Vero Announces Leadership Appointments, Promotions Across Southeast Asia

Vero Announces Leadership Appointments, Promotions Across Southeast Asia

Vero Southeast Asia


Vero today announced strategic leadership appointments and staff promotions that advance the firm’s communications consulting ambitions in Southeast Asia. 

Vero appointed Supreeyaporn Sihawong as Chief People Officer, Sasha Alwani as Chief Strategy Officer, Thanpitcha Suksawad as Chief Finance Officer, and Umaporn Whittaker-Thompson as Chief Commercial Officer to fortify the management team and complement the leadership of current Chief Executive Officer Brian Griffin and Chief Operating Officer Raphael Lachkar. 

Sihawong joined Vero in 2021, managing HR as the team in Thailand grew from 50 to more than 120 team members today. 

With over 13 years of communications consulting experience across Asia, Alwani has played a pivotal role in expanding Vero’s client portfolio and significantly enhancing the capabilities of the firm’s strategy team across the region. 

Suksawad, who joined Vero from a Big Four accounting firm, brings 10 years of finance experience to the business and supports Vero’s growth ambitions via M&A. 

Whittaker-Thompson, a 10-year Vero veteran who leads commercial, brand communications, and influencer marketing capabilities, will be instrumental in forging new top-tier partnerships between Vero and Southeast Asia’s leading content creators and business organizations.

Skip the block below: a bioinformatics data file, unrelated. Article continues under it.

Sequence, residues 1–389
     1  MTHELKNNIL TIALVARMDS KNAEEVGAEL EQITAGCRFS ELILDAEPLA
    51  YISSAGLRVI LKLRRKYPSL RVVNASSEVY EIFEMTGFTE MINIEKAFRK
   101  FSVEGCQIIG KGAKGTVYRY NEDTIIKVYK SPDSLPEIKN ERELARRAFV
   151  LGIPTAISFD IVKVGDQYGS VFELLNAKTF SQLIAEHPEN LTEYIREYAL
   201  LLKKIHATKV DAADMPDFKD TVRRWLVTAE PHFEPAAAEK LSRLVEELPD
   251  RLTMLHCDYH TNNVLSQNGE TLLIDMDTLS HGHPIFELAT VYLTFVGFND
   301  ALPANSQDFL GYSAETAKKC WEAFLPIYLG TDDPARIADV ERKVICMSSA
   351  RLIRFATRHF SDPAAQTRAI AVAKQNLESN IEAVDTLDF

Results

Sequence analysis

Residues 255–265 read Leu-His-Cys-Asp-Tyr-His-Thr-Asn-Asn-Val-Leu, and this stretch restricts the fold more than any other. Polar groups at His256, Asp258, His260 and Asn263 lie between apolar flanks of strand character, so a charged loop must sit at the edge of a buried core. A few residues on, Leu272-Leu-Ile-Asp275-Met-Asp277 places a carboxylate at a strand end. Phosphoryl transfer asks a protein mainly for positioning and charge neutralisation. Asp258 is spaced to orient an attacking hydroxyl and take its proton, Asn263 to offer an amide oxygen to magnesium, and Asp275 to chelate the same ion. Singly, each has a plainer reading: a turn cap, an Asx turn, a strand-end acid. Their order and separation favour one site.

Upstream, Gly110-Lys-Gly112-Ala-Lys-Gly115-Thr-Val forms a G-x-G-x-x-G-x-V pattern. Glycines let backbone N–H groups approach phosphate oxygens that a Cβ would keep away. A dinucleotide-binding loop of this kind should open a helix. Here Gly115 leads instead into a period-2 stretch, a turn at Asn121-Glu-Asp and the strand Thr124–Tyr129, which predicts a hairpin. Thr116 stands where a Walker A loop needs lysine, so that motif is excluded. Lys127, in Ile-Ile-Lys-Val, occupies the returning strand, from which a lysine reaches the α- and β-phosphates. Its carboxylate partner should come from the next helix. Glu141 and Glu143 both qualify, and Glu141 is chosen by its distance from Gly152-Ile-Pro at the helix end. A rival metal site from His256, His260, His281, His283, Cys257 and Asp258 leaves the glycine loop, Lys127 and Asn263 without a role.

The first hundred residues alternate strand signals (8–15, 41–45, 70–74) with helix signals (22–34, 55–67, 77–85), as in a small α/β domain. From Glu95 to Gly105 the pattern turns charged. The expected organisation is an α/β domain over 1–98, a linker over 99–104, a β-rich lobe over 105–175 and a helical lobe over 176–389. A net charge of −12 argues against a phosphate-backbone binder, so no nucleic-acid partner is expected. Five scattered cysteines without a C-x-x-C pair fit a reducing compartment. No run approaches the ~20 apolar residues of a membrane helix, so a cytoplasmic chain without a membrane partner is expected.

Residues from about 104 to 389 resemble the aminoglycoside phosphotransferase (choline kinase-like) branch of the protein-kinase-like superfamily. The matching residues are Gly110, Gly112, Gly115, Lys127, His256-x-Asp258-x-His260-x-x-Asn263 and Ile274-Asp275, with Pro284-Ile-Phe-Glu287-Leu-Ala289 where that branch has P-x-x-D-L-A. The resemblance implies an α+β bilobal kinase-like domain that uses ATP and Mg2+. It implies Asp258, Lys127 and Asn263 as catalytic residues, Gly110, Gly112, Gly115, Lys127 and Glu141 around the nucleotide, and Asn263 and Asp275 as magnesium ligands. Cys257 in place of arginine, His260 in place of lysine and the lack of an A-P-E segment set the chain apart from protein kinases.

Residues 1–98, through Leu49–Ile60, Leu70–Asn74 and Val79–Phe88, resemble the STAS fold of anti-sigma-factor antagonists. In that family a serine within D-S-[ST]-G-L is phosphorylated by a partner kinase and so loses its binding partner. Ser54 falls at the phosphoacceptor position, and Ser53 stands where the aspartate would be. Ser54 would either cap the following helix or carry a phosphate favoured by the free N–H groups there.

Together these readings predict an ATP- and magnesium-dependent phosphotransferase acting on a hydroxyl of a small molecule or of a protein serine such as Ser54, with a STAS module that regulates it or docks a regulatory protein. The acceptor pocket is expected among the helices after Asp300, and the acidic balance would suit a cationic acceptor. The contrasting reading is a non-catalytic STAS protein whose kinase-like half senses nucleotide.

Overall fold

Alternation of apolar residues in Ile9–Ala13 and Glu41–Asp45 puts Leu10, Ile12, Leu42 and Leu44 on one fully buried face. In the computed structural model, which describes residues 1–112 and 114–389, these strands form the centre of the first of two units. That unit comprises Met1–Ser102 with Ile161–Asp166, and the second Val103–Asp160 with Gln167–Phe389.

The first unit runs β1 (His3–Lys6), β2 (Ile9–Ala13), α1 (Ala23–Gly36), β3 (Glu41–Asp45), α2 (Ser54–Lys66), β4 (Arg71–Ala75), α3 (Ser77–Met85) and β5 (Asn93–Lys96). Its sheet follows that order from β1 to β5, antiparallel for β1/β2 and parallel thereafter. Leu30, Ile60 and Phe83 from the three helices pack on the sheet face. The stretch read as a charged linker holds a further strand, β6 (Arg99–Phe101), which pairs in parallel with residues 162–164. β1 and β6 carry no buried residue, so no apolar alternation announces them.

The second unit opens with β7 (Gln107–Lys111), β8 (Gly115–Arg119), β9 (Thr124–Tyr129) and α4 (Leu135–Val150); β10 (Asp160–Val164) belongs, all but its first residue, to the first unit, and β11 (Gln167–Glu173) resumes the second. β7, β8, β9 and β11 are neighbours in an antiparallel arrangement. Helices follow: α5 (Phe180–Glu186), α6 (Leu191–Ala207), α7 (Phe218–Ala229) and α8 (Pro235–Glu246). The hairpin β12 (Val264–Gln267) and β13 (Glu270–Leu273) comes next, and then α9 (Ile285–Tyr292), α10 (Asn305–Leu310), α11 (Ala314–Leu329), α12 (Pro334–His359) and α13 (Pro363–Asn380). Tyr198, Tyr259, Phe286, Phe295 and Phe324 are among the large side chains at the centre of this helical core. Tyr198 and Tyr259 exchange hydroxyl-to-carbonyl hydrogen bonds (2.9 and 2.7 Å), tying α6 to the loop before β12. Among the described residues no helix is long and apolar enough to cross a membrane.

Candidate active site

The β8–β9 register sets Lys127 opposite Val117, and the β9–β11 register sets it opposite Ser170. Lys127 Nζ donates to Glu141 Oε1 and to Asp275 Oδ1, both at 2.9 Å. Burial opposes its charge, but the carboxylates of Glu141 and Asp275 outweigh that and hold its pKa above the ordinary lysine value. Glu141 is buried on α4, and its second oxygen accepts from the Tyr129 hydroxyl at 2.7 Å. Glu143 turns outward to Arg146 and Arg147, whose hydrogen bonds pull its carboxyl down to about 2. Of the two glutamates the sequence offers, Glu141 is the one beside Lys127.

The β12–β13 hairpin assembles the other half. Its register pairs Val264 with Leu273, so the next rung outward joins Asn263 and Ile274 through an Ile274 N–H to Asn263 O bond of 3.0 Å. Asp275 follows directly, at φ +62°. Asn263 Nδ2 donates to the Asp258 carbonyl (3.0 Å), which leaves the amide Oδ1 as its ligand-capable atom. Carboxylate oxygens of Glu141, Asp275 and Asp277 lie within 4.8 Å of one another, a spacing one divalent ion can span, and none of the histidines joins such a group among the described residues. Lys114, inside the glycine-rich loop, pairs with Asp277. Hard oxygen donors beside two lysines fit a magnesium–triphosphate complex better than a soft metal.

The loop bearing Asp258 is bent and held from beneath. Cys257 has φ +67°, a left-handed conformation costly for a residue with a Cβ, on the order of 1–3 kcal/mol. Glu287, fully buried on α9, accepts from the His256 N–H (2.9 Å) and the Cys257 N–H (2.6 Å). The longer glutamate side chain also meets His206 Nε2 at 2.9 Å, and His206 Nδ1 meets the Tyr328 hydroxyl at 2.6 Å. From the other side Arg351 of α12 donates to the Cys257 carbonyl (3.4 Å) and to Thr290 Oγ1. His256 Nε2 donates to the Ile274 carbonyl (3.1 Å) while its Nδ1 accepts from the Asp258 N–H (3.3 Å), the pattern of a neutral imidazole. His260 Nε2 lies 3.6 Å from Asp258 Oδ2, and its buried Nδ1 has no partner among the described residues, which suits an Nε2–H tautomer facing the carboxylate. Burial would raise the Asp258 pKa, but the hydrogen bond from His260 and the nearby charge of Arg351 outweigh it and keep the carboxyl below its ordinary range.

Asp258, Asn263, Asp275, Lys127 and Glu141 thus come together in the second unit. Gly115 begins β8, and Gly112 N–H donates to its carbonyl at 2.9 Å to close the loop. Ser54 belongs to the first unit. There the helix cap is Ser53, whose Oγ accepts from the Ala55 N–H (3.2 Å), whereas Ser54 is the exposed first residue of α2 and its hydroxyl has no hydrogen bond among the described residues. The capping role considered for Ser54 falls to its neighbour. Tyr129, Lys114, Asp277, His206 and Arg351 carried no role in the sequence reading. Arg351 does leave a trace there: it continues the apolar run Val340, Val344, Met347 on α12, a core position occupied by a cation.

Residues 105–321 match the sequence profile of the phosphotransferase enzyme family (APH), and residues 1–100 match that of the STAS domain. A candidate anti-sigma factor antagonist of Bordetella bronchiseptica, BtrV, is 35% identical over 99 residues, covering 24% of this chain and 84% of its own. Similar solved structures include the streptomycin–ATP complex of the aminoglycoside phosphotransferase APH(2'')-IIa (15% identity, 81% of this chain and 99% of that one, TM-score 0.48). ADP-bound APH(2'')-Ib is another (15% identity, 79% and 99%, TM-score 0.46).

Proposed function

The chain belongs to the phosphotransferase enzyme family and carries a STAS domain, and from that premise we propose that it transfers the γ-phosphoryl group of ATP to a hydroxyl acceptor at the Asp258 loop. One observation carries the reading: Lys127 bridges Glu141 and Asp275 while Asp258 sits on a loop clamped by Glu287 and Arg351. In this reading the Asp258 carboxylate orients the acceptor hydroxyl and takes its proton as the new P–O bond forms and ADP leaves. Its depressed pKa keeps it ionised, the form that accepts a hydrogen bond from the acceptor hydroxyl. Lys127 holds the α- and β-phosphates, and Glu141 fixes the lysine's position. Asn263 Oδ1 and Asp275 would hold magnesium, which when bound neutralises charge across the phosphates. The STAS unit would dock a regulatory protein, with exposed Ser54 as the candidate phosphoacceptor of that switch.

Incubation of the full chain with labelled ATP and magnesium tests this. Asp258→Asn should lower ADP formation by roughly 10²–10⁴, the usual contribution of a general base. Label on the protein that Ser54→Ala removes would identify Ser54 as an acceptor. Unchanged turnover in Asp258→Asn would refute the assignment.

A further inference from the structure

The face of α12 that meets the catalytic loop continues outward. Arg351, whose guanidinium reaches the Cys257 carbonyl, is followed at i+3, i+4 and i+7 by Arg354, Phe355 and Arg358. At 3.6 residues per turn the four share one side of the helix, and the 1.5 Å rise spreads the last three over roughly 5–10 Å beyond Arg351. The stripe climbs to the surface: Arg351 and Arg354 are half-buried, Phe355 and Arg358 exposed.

Two Vero team members will take on additional roles: Lin Kuek, who serves as Managing Director for Vero in Singapore, is taking the lead in the firm’s new Sustainability Communications Advisory, while Pham Hoai Anh is helping expand Vero’s Vietnam presence to Hanoi, where she will focus on enhancing brand partnerships. 

“Today, more than ever before, we have a clear view of what Vero can achieve in the industry as a consultancy, employer, and member of society. Supreeyaporn, Sasha, Thanpitcha, and Umaporn have each been critical in shaping this vision, and in their new roles they will help us execute it,” said Raphael Lachkar, Chief Operating Officer.